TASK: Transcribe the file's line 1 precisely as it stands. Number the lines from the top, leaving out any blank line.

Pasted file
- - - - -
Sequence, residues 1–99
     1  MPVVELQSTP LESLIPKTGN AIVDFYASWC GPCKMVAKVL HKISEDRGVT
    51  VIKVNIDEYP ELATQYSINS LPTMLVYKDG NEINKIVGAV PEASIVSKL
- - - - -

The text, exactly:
Sequence, residues 1–99